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Commitment and Continuity

As a first sampling of the fruits of Me'am Loez we turn to Parashat Bo and the final plagues and encounters between Moses and Pharaoh that set the stage for the exodus of b'nai Israel (people of Israel).

Halachic Clarification

In Exodus 12:4, specific laws governing the slaughter and eating of the paschal lamb allow that families might join to share a paschal lamb if they lacked the resources to each have an individual lamb. But Me'am Loez asks, what would one do if there was not enough room in one's home (or tent) for another family? One can still fulfill the obligation by providing the requisite food so that the family could perform the Pesach ritual in their own home (tent).

Aggadic Enrichment

Everything in the Pesach story must tell a secret story of Divine justice carefully measured out. The operating principle is midah kaneged midah, that good and evil deeds are paid back in kind. Sometimes the principle is helpful in explaining otherwise ethically suspect actions. So it turns out, according to the Me'am Loez, that the total value of the silver and gold the Israelites "requested" of the Egyptians as they fled Egypt equaled the salary Israelite slaves might have earned during their captivity.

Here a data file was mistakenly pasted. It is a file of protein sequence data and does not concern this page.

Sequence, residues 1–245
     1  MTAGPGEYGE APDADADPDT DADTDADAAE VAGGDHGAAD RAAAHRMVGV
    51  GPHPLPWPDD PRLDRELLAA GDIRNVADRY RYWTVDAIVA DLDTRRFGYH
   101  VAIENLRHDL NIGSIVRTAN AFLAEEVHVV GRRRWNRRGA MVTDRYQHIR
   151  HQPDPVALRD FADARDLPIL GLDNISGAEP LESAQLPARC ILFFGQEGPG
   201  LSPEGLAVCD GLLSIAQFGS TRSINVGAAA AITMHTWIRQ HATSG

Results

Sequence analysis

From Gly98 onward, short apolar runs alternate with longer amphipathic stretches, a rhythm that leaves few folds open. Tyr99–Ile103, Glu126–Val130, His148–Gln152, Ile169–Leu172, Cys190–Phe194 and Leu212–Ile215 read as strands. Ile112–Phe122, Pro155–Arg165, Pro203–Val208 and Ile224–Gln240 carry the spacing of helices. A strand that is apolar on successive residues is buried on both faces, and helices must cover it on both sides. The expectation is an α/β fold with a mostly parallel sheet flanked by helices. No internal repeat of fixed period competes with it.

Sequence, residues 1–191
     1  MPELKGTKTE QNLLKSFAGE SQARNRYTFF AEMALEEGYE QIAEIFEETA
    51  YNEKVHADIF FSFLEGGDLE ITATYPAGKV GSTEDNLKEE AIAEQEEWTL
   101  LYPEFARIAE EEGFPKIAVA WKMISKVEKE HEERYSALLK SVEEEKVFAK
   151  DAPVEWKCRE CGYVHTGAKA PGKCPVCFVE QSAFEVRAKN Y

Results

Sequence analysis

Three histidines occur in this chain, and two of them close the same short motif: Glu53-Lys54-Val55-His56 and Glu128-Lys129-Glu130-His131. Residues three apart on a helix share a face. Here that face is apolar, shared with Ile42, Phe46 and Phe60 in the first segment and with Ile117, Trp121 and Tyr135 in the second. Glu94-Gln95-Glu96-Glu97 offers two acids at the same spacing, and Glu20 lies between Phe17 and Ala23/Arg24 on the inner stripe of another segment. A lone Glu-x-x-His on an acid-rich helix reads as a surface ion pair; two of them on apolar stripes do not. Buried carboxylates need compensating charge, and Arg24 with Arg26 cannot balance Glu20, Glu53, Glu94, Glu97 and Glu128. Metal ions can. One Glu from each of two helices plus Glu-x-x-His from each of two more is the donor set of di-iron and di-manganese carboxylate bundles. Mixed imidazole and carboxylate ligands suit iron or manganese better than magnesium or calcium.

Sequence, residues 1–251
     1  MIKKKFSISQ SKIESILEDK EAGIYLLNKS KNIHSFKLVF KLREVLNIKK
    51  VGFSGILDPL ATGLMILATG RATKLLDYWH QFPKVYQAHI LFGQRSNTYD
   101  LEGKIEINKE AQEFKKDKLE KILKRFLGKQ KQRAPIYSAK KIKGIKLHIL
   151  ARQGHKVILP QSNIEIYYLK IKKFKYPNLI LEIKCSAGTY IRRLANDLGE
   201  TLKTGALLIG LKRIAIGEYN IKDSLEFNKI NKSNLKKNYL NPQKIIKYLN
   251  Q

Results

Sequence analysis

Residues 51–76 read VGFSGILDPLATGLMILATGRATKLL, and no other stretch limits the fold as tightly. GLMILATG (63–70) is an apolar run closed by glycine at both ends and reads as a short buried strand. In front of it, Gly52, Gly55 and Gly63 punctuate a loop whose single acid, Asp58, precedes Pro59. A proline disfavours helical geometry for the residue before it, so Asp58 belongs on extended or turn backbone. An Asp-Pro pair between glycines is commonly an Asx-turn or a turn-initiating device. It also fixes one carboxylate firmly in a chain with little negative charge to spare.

Commitment and Continuity

A familiar concern of Jewish commentary on the book of Exodus involves the pharaoh with moral arteriosclerosis, hardened heart disease. The recurring question is whether God in hardening Pharaoh's heart is undermining other Jewish values of free will and teshuva (repentance). Culi raises another concern. What happens to Jews whose very liberation is dependent on a steady stream of violence and spilt blood?

In this context, Culi writes about the power of the mezuza:

It is obvious that a mere sprinkle of blood would not prevent the Forces of destruction from entering a home. If a person is born under Mars, he is destined to spill blood. But if such a person is worthy, he becomes a ritual slaughterer (shochet) or circumciser (mohel).

God does not reverse a person's destiny, but if one is virtuous God can bend it. God can take a person's destiny and work it out in such a way as to render it beneficial to all.

Reprinted by permission of the Cleveland Jewish News.

This dvar Torah is one of a series influenced by the Me'am Loez Sephardic Torah commentary. Read the introduction to the series.
Topics: Divrei Torah
Type: Dvar Torah